Tackling the load vs. no-load mutual fund debate
Q You often run lists of top-performing mutual funds, and I wonder whether the load/no-load issue - which you often write about as a factor in choosing funds - is taken into account? If you subtract the "load" from many of these top-performing funds, they may actually underperform many no-load funds you don't mention.
T. M., via e-mail
A "You would never want to use a performance chart as your sole source of information in buying into a mutual fund," says Russ Kinnel, who heads up equity analysis for information firm Morningstar Inc., in Chicago.
Performance charts are not lists of recommended funds, he says. Rather, they are snapshots of which funds are performing best at a specific period of time, usually for a trailing quarter, or year. Most newspaper business pages run such "snapshots" to show readers which funds have been out front, irrespective of their load or no-load status.
But these same best-performing funds may not be the best-performing funds in the current or upcoming time period.
Concerning load funds (where you pay a company a sales charge) versus no-load funds, "while it is true that there are some attractive and relatively low-cost load funds, such as the American Funds, or Fidelity Advisor Funds, you will probably usually come out well ahead over time with a no-load fund that also has a very low fee structure," Mr. Kinnel says.
Load funds are designed for people who need continuous help from an investment advisor. No-load funds (many of whom also offer advice, incidentally), are best for self-starters, folks who pick a fund, invest, and leave it largely alone, Kinnel says.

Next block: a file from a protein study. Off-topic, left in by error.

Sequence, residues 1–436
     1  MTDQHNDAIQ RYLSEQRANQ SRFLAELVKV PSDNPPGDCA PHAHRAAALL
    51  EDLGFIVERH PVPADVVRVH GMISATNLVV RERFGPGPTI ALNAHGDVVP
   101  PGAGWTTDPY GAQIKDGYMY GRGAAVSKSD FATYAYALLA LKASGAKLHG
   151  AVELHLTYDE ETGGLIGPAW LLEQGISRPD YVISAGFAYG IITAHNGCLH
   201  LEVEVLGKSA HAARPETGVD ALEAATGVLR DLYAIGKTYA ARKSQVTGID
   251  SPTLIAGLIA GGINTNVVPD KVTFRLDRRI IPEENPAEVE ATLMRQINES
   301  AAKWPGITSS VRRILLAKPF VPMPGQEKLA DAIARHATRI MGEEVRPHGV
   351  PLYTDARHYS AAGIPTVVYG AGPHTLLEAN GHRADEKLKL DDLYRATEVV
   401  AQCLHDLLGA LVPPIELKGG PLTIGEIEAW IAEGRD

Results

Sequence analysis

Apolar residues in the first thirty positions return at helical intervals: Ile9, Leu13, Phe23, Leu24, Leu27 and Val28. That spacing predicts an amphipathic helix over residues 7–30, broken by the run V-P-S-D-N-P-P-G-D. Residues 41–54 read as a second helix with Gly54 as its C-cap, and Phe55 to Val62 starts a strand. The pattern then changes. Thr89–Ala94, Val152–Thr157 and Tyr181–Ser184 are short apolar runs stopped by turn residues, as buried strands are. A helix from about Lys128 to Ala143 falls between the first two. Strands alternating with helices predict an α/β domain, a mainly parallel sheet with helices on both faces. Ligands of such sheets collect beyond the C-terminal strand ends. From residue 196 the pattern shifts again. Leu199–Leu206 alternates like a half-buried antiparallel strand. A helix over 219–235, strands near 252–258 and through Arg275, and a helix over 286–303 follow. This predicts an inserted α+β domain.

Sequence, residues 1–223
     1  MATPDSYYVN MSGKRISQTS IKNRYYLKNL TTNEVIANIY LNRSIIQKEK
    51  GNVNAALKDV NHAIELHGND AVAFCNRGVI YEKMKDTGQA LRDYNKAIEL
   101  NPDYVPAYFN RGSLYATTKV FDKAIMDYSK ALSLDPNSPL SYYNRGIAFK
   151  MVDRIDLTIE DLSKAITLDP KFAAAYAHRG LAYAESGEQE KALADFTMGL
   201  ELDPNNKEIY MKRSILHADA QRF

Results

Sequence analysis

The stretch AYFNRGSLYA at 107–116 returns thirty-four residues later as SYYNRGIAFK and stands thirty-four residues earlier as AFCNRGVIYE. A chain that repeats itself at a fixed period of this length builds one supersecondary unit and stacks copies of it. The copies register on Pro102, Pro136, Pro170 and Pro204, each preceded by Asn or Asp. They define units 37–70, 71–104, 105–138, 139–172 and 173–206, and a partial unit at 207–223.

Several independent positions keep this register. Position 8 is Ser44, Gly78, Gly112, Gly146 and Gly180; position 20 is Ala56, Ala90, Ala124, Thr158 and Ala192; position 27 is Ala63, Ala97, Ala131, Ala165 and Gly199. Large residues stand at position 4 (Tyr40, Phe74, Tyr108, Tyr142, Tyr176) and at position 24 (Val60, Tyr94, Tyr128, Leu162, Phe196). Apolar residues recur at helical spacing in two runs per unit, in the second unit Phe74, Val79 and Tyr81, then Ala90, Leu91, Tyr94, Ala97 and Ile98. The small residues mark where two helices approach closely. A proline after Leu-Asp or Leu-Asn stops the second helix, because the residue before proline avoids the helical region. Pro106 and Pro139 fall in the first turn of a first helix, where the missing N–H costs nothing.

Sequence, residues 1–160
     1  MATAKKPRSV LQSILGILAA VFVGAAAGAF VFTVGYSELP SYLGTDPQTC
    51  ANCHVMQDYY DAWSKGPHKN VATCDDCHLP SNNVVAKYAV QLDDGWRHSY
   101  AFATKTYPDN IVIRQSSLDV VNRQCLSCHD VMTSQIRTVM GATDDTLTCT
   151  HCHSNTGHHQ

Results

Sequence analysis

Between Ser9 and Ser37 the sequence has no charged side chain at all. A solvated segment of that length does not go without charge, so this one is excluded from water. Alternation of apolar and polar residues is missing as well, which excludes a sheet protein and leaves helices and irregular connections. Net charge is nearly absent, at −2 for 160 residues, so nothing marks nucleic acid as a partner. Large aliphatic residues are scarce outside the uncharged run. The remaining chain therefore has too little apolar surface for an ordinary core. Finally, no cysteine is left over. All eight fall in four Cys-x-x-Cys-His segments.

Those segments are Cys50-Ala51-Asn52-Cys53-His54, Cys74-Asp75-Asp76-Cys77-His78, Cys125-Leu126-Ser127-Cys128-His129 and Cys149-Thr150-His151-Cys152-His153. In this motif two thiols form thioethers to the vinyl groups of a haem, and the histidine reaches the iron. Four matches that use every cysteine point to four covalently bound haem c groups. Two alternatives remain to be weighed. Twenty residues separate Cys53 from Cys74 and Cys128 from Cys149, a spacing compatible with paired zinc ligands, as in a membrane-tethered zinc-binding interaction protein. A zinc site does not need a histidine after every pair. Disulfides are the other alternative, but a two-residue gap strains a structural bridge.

The load/no-load comparison can sometimes get dicey. Some companies that carry a load fund as part of a retirement plan, such as a 401(k), may actually absorb the cost of the load, thus negating the charge for all practical purposes, for its employees.
It's also true, Kinnel says, that some load funds may in fact be as low cost or even "less expensive" than no-loads with hidden charges, or lots of back-end fees, often called redemption fees.
Many no-load funds are really "low load" funds, that is, their fee structures have become so complicated an investor winds up paying a three percent or more premium just to stay in the fund. But that is still about half the cost of a typical load fund.
The bottom line, says Kinnel: Use newspaper performance charts as guides. But do your homework. Unless you need special advice, invest in a no-load from such low-expense firms such as Vanguard, Fidelity, T. Rowe Price, or TIAA-CREF. If in doubt about a fund, give it a quick call.
In some sectors, you have to be especially vigilant. One area: international investing, where load funds, for a variety of reasons, tend to be well established.
Always shop around for a no-load fund, Kinnel recommends.
Q Each week you chart the progress of the Dow along with the "22-week moving average." Why does the line measuring this average run much longer than 22 weeks? What is the significance of the moving average?
M.R., Lincoln, Mass.
A As Ralph Acampora, chief technical analyst for Prudential Securities, notes in his book "The Fourth-Mega Market," a moving average is a long-term "trending tool." When the Dow breaks above its own moving average, that's a sign investors are bullish, paying more than the average price for stocks. When the Dow breaks below its moving average, that suggests a bear market and a loss of price momentum.
Our moving-average goes back more than 22 weeks to give readers more historical data. Each point plotted, though, averages only the Dow "closes" for the past 22 Fridays.
(c) Copyright 2001. The Christian Science Monitor